Four U.S. Virgin Islands supermarkets, and their owner and former operations manager have been ordered to pay 33 workers – including janitors, security guards and stock people – $240,000 in back wages and liquidated damages after an investigation by the U.S. Department of Labor found the employer denied them overtime wages.
The judgment, entered Wednesday in V.I. District Court, orders World Fresh Market LLC — operating as Pueblo Supermarkets on St. Thomas and St. Croix — owner Ahmad Alkhatib and former operations manager Steven Bockino to pay the affected employees $120,000 in back wages and an equal amount in liquidated damages.
The judgment also requires the employers to comply with federal minimum wage, overtime and recordkeeping requirements as well as not take any retaliatory action against any employee, according to a press release from the Labor Department announcing the settlement.
According to the consent judgment, Alkhatib and Bockino “neither admit nor deny the allegations of violations set forth in the Secretary’s complaint. Defendants agree to the provisions of this Consent Judgment to avoid the burden and expense of protracted litigation.”
According to the court docket, the complaint was filed in V.I. District Court in May 2020. It alleged that the defendants purposely misclassified many of their hourly employees as “salaried” in a bid to flaunt the Fair Labor Standards Act and to avoid paying them overtime premiums for long hours worked and as required by law.
“Defendants purport to characterize these misclassifications to employees as ‘promotions,’ when in reality employees continue performing working substantially the same duties as they did as hourly employees, with little or no managerial responsibilities, for 72 hours per week or more without any overtime premiums,” the complaint stated.
In 2010, the division found Pueblo Supermarkets’ pay practices violated the Fair Labor Standards Act, according to the Labor Department. At the conclusion of the investigation, the employer agreed to correct its practices and abide by the law, it said.
The department’s Wage and Hour Division’s latest investigation — for the period from at least June 3, 2017, through at least June 5, 2019, according to the judgment — identified violations of the act’s overtime and record-keeping requirements by Pueblo Supermarkets, it said. Specifically, it found the employer:
- Improperly characterized employees as “managers,” exempt from FLSA coverage, and paid them flat rates without the required premium for overtime hours worked.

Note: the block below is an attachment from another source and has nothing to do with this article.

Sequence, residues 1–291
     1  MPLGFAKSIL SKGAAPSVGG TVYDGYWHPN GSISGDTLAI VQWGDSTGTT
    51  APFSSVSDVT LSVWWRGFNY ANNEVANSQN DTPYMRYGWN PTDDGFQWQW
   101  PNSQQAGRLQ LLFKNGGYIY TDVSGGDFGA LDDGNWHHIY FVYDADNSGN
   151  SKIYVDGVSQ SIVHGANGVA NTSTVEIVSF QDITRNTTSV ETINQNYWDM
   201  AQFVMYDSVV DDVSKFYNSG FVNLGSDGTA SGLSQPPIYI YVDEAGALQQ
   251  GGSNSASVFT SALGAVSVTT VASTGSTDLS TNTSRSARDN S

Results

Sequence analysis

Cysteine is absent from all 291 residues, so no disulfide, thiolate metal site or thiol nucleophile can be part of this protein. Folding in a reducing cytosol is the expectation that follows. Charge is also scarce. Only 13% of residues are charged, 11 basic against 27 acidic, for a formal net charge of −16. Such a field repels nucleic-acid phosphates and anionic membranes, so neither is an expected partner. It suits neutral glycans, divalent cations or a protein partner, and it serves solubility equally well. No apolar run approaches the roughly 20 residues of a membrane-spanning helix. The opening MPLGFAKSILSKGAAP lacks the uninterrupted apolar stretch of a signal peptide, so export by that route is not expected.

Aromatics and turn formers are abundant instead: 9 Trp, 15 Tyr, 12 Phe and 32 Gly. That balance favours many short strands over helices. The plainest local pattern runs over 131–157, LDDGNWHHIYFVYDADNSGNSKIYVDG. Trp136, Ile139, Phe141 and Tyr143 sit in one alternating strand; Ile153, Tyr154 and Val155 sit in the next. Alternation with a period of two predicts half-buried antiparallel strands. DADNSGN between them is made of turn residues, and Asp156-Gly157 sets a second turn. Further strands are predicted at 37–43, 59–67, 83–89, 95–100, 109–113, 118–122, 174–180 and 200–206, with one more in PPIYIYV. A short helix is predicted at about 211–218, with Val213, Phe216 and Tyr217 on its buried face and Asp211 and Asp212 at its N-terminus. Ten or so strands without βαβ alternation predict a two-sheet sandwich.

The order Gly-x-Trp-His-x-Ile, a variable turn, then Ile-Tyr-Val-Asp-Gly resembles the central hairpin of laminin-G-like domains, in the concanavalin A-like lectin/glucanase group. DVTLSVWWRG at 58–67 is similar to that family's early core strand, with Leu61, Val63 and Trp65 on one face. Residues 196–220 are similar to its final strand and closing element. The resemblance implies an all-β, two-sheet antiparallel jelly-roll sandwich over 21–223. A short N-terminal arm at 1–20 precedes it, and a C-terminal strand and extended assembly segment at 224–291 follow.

- Failed to maintain required payroll records for multiple employees, including those improperly characterized as “managers.”
- Permitted at least one employee to work off the clock, causing overtime violations.
- Failed to keep accurate records of some employees’ work hours, hourly pay and overtime rates.
In addition to requiring payment of back wages and damages, the court enforced the department’s assessment of $10,000 in civil money penalties for the willful nature of Pueblo Supermarkets’ latest violations, the Labor Department reported.
“When employers like Pueblo Supermarkets ignore the law, they deny workers the hard-earned wages they need to support their families. Employers who wrongly believe they can disregard the law ignore the reality that they will face significant consequences when their illegal actions are discovered,” said Wage and Hour Division District Director Jose Vazquez-Fernandez in Guaynabo, Puerto Rico.
“Grocery industry workers are among the lowest paid in the Virgin Islands and across the U.S. The U.S. Department of Labor remains committed to making sure these valuable and vulnerable workers receive the wages they earn,” he said.
“The U.S. Department of Labor will use all available enforcement tools at its disposal, including litigation, when employers wrongly characterize employees as ‘managers’ and fail to pay them overtime as required by the Fair Labor Standards Act,” said Regional Solicitor of Labor Jeffrey S. Rogoff in New York. “The resolution of this case shows grocers and other employers that not complying with federal wage law can lead to legal action with costly consequences.”
The division’s Caribbean District Office in Guaynabo, Puerto Rico, conducted the investigation. Senior trial attorney David J. Rutenberg of the department’s Office of the Solicitor in New York litigated the case.
Alkhatib and Bockino were represented by Michael L. Sheesley on St. Thomas, Lisa Michelle Komives of Dudley Topper & Feuerzeig on St. Croix, and Yohana M. Manning on St. Croix.
The FLSA requires that most employees in the U.S. be paid at least the federal minimum wage for all hours worked and overtime pay at not less than time and one-half the required rate of pay for all hours worked over 40 in a workweek.
The Wage and Hour Division has a search tool for those who think they may be owed back wages collected by the division. Employers and workers can call the division confidentially with questions regardless of where they are from. The department can speak with callers confidentially in more than 200 languages through the agency’s toll-free helpline at 866-4US-WAGE (487-9243). Download the agency’s new Timesheet App for i-OS and Android devices — also available in Spanish — to ensure hours and pay are accurate.